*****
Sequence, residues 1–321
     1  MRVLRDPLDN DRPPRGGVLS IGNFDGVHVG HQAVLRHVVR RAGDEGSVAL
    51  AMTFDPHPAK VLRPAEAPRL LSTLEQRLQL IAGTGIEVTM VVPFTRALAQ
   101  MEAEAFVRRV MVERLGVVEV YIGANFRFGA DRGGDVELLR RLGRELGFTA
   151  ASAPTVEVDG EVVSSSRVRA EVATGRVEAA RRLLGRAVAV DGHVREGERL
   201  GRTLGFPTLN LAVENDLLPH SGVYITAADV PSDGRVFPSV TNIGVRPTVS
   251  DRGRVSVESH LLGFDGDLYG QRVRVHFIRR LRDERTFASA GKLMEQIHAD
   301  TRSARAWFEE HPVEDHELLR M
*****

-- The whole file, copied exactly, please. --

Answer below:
Sequence, residues 1–321
     1  MRVLRDPLDN DRPPRGGVLS IGNFDGVHVG HQAVLRHVVR RAGDEGSVAL
    51  AMTFDPHPAK VLRPAEAPRL LSTLEQRLQL IAGTGIEVTM VVPFTRALAQ
   101  MEAEAFVRRV MVERLGVVEV YIGANFRFGA DRGGDVELLR RLGRELGFTA
   151  ASAPTVEVDG EVVSSSRVRA EVATGRVEAA RRLLGRAVAV DGHVREGERL
   201  GRTLGFPTLN LAVENDLLPH SGVYITAADV PSDGRVFPSV TNIGVRPTVS
   251  DRGRVSVESH LLGFDGDLYG QRVRVHFIRR LRDERTFASA GKLMEQIHAD
   301  TRSARAWFEE HPVEDHELLR M